Villages in crossfire of Moscow's war on terror

Chechnya: Bewildered residents of flattened hamlets left to pick up the pieces as army struggles to create a new Maginot Line
Click to follow
The Independent Online

HIGH IN the Dagestan mountains overlooking the Caspian Sea, the villagers of Chabanmakhi and Karamakhi are caught in the crossfire of Russia's war with Islamic rebels.

HIGH IN the Dagestan mountains overlooking the Caspian Sea, the villagers of Chabanmakhi and Karamakhi are caught in the crossfire of Russia's war with Islamic rebels.

Two years ago, their areas were under the control of the radical Muslim Wahhabi sect. Now, Moscow has virtually flattened both hamlets in its efforts to crush the "Caucasus terrorists".

The villagers do not knowwhy their homes were pounded out of existence or how they are going to rebuild their lives. Not a single house in Karamakhi was spared the bombing by Russian jets last month. Gaping holes have been left in roofs and walls, and only the occasional kitchen, bedroom or living room is still recognisable.

Russian soldiers and Dagestani "volunteers" now stand guard over Karamakhi in case the Wahhabis or their Chechen allies return.

A man called Magomedshowed visitors the ruins of his three-storey house. The doors, furniture and television were gone. All that remained was stolen by the Wahhabis or the Russian soldiers.

When Moscow came to the rescue of the southern Russian republic of Dagestan - in the face of the Wahhabi "peril" - it was at a price.

"How could the pilots know where they were dropping their bombs - whether it was on a Wahhabi house or not?" asked Magomed, a 50-year-old in a ragged T-shirt. "Why they destroyed everything, we'll never know. In any case, if they really wanted to arrest the Wahhabis, why didn't they do it another way? It would have been much easier to pick them up as they left the mosque on a Friday. Now they've gone."

Some Wahhabis had hidden in the cellar of his house. Used syringes lay scattered next to a packet of new ones. "They obviously needed something to keep up their morale," said Magomed.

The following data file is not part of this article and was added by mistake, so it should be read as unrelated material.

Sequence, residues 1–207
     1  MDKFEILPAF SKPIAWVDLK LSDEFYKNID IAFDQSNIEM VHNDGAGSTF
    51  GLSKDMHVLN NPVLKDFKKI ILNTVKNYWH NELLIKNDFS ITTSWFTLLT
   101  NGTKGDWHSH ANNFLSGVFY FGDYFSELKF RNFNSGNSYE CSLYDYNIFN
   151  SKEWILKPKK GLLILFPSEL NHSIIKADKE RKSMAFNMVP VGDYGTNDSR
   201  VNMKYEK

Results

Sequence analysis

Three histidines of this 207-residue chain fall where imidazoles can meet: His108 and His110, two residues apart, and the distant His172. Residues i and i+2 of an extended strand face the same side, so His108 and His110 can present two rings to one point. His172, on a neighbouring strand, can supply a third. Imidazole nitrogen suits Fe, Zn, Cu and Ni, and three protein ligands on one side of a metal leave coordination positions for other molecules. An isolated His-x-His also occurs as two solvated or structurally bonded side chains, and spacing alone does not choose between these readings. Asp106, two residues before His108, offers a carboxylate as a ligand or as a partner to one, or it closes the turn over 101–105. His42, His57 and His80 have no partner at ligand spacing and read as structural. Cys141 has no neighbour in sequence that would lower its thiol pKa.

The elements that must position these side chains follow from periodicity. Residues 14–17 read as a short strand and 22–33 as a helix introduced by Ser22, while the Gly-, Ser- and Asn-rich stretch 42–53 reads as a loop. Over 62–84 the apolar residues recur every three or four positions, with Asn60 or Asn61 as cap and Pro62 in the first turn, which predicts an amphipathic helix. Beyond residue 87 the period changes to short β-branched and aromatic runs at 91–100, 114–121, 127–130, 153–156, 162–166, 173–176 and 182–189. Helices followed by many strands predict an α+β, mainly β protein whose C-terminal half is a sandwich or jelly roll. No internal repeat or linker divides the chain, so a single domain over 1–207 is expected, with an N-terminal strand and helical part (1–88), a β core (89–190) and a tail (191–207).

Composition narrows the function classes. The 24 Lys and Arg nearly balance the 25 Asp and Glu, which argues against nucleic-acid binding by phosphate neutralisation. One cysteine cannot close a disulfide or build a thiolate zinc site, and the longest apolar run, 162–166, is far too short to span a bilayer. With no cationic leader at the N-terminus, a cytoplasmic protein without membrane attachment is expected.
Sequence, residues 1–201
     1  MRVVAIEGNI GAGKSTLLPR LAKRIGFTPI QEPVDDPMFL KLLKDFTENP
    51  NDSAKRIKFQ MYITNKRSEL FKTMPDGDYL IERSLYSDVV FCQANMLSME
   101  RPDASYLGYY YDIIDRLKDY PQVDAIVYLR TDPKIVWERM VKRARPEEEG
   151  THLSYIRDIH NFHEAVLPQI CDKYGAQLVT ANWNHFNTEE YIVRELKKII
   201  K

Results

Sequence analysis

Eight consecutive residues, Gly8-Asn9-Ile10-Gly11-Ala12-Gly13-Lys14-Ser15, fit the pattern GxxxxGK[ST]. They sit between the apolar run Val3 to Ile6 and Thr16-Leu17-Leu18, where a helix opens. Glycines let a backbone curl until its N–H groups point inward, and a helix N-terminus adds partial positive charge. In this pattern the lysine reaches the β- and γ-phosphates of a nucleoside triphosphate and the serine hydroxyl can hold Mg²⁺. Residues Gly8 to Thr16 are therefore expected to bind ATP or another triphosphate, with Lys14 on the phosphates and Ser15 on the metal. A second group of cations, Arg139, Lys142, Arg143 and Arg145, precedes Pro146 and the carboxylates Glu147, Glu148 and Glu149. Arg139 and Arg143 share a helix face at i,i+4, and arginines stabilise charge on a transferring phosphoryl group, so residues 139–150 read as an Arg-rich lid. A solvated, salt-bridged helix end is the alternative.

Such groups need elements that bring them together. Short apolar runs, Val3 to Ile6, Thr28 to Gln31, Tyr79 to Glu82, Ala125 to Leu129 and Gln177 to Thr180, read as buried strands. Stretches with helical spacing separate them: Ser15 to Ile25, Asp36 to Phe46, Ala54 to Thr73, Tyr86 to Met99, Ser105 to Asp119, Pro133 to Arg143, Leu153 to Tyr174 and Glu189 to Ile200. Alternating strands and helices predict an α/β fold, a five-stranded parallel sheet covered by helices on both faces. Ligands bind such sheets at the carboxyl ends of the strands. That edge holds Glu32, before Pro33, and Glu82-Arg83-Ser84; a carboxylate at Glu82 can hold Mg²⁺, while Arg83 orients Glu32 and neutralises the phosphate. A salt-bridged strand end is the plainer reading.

His wife, Aminat, emerged from the ruins to speak of her grief. "We saved up for this house for 25 years. Then we lost it all. The first day of the bombing - even before it started - there was a rumour that war was coming. Everybody said it was time to leave. And we left with just the clothes on our backs - nothing more."

All the villagers have similar tales to tell. Karamakhi now resembles a ghost town. The men arrive from nearby Buynaksk or other villages to clear up the ruins and try to recover their belongings. Women and children tend to stay with relatives, friends or in refugee hostels in Buynaksk. Aminat is one of the few women brave enough to return to unearth a few potatoes.

In the centre of the village, an animated discussion was continuing, while lorries unloaded gravel. People with trowels and bricks were already rebuilding a ruined site.

"It's our ruined mosque," said Ibadulla Mukhayev, a former village councillor. "This war isn't about religion - it's about political machinations. And we're the innocent victims."

On a nearby hill lies the ruins of Chabanmakhi. There, an armed group was keeping outsiders away until a man emerged to explain that he was the "new administrator" and decided who entered.

Standing on the unmade road that runs through the village, an old man in a threadbare suit surveyed the scene. "I was born 75 years ago," he said. "We got used to the Wahhabis. Almost all the family was mixed. Sometimes a father would be Wahhabi and the son not. In recent years, they stopped us selling alcohol and cigarettes in the village."

Another villager chipped in: "They even prevented us putting up a Christmas tree or playing music at weddings. At funerals, we were not allowed to cry. Our women had to hold back their tears."

Referring to the former Soviet Union, the old man commented: "If only we had kept the great fatherland, nothing like this would ever have happened. Nobody would have given them money from abroad. They would not have been able to get weapons so easily and so, little by little, take power against us."

An open mass grave lay beside the local cemetery. The rotting bodies of 14 local Wahhabis - apparently flung there by their departing comrades - were being buried. Like the villagers, the Wahhabis also return home - but at night."They come back to see what's going on and to try to pick up their things. After all, this village was also theirs," said the local administrator.